Acting Inspector-General of Taxation and Taxation Ombudsman (IGTO) Andrew McLoughlin has today released the review investigation report into the Australian Taxation Office’s (ATO) use of garnishee notices.
The IGTO review was undertaken to maintain community confidence in the administration of the tax system after serious allegations were made by both a current and former ATO officer on the ABC 4 Corners program on 9 April 2018 about the ATO’s inappropriate use of garnishee notices upon small business. The allegations investigated were that the ATO:
- gave directions to staff to issue standard garnishee notices in every case as a ‘cash grab’ towards the end of the 2016–17 financial year; and
- set targets for staff and assessed their performance based on the level of debt collected.
Garnishee notices allow the ATO to recover taxpayer debts from 3rd parties like banks or trade debtors. If used inappropriately they can severely affect a taxpayer’s cash flow, in particular the more vulnerable such as small businesses and individuals.
“The review was extensive, with the IGTO investigation team using our strong investigative powers to go to operations sites in Melbourne, Penrith, Parramatta and Adelaide, to see firsthand ATO system operations and personally interview over 50 ATO staff during the investigation, as well as access ATO systems, information and records,” said Mr McLoughlin.
The ATO collection of revenue and tax debt recovery is vital for the benefit of government and services to citizens and must be done fairly and equitably, taking into account the particular circumstances of each taxpayer but also ensuring a level playing field for taxpayers paying on time, so as to foster a level playing field in support of the significant voluntary compliance levels our nation benefits from.
“The Report concludes problems did arise in certain localised situations for a limited period, particularly so at Adelaide’s local ATO site, but those problems were anticipated and addressed by management once they became aware,” Mr McLoughlin said.
“The allegations that there was an ATO direction for a ‘cash grab’ on small business or that debt staff personal performance were set on amounts collected – are not sustained,” Mr McLoughlin said.
The Report found that in the 2016–17 financial year, the ATO issued 23,712 garnishee notices—approximately 40 per cent less garnishee notices than the predicted 40,289. It also found that staff issued enduring garnishee notices in only 8 per cent of cases allocated to them, and at an average rate of 1 notice issued every 5 hours. These figures provide a strong basis for concluding that the ATO’s Early Intervention debt staff, in the main, took care to consider the appropriateness of issuing garnishee notices in light of the taxpayer’s circumstances and took their responsibility to consider the next best action policy seriously. This is not to say that all staff on all occasions have exercised that power proportionately and appropriately.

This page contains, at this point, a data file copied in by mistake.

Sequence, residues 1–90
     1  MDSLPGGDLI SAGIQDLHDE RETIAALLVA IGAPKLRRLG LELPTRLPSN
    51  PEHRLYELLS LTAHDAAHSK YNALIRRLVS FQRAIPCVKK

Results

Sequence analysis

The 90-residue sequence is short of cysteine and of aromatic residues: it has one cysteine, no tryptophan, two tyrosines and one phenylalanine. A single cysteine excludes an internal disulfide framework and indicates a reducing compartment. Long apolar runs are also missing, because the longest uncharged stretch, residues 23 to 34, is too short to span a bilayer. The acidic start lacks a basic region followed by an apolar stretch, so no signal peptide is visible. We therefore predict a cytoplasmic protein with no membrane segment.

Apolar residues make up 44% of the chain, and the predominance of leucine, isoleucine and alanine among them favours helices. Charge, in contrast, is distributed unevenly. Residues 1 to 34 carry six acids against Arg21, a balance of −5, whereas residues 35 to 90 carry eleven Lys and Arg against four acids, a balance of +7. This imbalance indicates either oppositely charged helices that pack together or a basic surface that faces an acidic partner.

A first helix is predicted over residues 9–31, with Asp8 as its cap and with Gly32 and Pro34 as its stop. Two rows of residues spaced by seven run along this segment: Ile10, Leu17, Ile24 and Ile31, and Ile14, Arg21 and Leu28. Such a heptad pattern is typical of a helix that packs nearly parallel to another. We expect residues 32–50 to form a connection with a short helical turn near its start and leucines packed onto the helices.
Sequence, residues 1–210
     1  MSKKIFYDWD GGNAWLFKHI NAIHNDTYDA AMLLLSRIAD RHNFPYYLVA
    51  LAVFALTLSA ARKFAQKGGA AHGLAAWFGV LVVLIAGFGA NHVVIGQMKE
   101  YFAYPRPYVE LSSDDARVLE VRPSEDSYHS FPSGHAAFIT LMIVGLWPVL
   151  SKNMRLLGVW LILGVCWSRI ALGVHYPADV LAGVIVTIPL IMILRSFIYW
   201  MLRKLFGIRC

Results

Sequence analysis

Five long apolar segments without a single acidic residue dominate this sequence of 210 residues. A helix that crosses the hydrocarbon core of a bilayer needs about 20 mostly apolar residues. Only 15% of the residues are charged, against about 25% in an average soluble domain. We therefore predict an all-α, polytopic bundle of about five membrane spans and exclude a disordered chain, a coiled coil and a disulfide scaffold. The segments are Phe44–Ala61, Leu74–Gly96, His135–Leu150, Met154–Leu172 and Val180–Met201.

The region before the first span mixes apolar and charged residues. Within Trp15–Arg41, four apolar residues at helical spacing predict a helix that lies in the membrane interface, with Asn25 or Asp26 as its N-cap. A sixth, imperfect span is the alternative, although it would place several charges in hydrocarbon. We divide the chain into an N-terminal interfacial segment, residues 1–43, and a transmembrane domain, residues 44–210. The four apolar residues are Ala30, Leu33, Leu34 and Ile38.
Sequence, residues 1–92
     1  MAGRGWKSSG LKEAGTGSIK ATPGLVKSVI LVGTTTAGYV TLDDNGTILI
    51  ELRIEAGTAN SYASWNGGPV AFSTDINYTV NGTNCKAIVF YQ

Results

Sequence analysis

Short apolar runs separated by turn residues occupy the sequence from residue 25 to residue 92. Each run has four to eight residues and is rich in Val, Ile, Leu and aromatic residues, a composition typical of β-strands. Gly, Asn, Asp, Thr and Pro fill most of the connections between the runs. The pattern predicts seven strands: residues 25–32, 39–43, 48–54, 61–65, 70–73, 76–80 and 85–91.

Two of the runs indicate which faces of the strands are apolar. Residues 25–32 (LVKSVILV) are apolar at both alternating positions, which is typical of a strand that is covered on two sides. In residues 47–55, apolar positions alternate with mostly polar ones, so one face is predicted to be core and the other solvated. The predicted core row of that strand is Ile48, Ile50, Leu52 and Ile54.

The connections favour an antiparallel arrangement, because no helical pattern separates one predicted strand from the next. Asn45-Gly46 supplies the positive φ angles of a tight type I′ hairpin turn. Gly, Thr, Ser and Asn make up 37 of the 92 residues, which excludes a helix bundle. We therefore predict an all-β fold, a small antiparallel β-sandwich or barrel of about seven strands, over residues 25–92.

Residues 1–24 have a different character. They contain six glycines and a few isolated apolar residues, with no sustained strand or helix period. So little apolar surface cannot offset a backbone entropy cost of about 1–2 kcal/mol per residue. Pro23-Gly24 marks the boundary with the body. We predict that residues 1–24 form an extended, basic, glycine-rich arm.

“Importantly, the IGTO notes in the Report that there were certainly small business people who were disaffected as the result of garnishee notices being inappropriately issued and they received support from the IGTO in resolving their complaints on contacting us. While it is a relatively small group as compared to the number of garnishee notices issued, it is very important that the system demonstrates care for disaffected taxpayers especially the more vulnerable including small business,” Mr McLoughlin said.
“The Report also offers a way forward for small business support via the Taxation Ombudsman’s free service to affected small business taxpayers as a first port-of-call where they are not able to resolve matters with the ATO directly,” Mr Andrew McLoughlin said.
Four recommendations were made in the Report, all of which were accepted and agreed by the ATO. They included:
- to have contingency plans for major assumptions used to estimate staffing resources needed for collection activities, to minimise the impact should the assumptions not hold;
- to improve the automated models which select garnishee cases for ATO staff to review and refine these models with feedback from staff, to remove taxpayers who are less likely to warrant garnishee action;
- to facilitate consistency of communications between ATO staff at all levels, for critical or complex messages where major changes to work focus occur; and
- improve support for the ATO’s Early Intervention debt staff by providing those staff with direct feedback on cases they work on, and by incorporating role-playing exercises into training sessions, both of which support better staff decision-making.
The 2016–17 year for the ATO was a challenging one — with the House of Representatives Standing Committee on Tax and Revenue dubbing it ‘annus horribilis’. The Review considered events that had ATO-wide impact, including major IT system outages and changes that the debt business line needed to make as a result. These changes raised risks, one of which was the use of enduring garnishee notices, particularly at the Adelaide site over a 3 month period, but once identified by management, was addressed.
The Report analysis draws upon the full range of facts and evidence in reaching its conclusion across the ATO and debt business line areas in addressing the allegations, including all relevant plan and other reports, metrics, statistics, management communications, interview testimony, and accounting standards for reporting tax collections.
Importantly, employment issues regarding current and former ATO staff are not within the IGT’s legislative purview and were not part of this review.
13 March 2019
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